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It feels like someone's sick joke that a personality who has made lying one of his hallmarks during his public career now dares to wave the flag for a kind of censorship version 2.0 that would make it possible to ban certain news stories. According to Josep Borrell, who today holds the key position of High Representative of the European Union for Foreign Affairs and Security Policy, the EU needs to be equipped with "mechanisms to sanction malign disinformation actors". An interesting debate, if only it hadn't been contaminated at the outset: we know very well where the disinformation originates, claims Borrell, who, during his political career, has denied so many things that were obvious or has invented so many things that we should be much more hesitant about throwing ourselves head first into this swimming pool. This is the man who was Felipe González's minister at the time of the GAL death squads! The man who was fined by the securities commission for the use of inside information on sales of shares in the multinational Abengoa of which he was a board member! And so we could go on.

Because, of course, which media does Borrell think should be closed? Those who denounced that the GAL were a Spanish state operation to fight ETA? Or those who were defending the Socialist government of the day and denying the veracity of this information? Once you open this can of worms, there are few options for going to the appropriate court and making a complaint about it. It's quite a different matter, though, if what you are really seeking is to keep things hidden a little more deeply, with less need to expose them to public opinion because you want to take advantage of the opportunity provided by Vladimir Putin's invasion of Ukraine. Because this is the first major war not far away from us in which the story is no longer produced through a few newspapers but in a crowded information sphere full of digital dailies and new information platforms called things like Facebook, Twitter, TikTok, Youtube, Whatsapp and so many others.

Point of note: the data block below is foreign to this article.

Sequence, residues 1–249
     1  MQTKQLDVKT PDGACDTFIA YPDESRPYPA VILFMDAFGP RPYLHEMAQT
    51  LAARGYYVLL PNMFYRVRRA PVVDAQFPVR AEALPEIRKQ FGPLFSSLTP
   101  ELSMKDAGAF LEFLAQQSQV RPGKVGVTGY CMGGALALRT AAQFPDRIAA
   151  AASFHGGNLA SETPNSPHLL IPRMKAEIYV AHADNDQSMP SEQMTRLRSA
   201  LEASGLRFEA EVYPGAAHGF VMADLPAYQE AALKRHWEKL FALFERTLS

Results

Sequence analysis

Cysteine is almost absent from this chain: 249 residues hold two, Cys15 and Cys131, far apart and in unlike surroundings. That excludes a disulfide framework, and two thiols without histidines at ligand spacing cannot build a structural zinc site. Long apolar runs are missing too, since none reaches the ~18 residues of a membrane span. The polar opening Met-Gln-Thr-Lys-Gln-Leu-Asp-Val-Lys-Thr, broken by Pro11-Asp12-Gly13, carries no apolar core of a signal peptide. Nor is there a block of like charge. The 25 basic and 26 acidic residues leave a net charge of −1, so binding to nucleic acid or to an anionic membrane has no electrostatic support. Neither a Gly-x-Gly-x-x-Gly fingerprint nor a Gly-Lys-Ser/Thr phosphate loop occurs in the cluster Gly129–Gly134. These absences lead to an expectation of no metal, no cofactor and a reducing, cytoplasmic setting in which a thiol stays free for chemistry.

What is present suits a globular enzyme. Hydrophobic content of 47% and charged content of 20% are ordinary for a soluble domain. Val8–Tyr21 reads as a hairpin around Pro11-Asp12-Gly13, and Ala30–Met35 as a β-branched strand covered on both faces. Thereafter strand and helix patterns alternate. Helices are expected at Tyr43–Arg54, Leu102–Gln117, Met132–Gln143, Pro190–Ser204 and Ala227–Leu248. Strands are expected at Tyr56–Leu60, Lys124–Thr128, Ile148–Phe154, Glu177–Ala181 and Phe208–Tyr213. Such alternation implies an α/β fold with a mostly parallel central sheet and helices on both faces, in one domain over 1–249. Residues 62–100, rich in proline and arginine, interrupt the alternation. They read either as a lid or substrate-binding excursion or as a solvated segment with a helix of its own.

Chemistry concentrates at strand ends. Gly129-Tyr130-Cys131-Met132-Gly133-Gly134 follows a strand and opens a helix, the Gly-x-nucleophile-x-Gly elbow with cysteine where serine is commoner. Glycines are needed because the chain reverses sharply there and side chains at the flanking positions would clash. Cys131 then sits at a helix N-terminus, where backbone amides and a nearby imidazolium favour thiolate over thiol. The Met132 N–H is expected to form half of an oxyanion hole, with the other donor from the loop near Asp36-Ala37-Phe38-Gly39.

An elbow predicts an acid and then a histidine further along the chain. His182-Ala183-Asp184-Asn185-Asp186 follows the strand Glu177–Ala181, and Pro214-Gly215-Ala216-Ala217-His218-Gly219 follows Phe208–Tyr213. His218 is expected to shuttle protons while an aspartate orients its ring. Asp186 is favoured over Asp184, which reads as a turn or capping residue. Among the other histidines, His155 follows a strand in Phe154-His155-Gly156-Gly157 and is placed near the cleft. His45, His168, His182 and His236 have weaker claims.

This digital world is already slipping out of the hands of any government, however powerful it may be, because there are not enough border posts to check all the information that is circulating. Everything suggests that the European Parliament will end up approving the report and the EU will become endowed with new mechanisms in which, under the umbrella of truth, it will be possible to act against freedoms. There is no conflict in which a backwards step is not taken in terms of freedoms and this one cannot be expected to be an exception. Fear does these things: it paralyzes protest and allows governments an expeditious and unopposed path to achieve their goals.

Informational truth gives way to propaganda. We have seen it, to name just one example, with the dodge that the United States has just pulled in Venezuela. The evil Maduro, like Hugo Chaves before him, is no longer a dictator on which all the weighty sanctions of the international community will impact, one after the other, but rather, Joe Biden's new ally, after the US president banned imports of oil, natural gas and coal from Russia. The presence of a high-level US delegation last weekend in Caracas and the tone in which Maduro explained it to his Venezuelan citizens on television make it clear that the tortilla has been flipped. In a few days the story will be different and Juan Guaidó will have gone in a matter of hours from being the West's golden boy to an annoyance on the world geopolitical map. We switch from Russia good, Venezuela bad, to Russia bad, Venezuela good. Politics.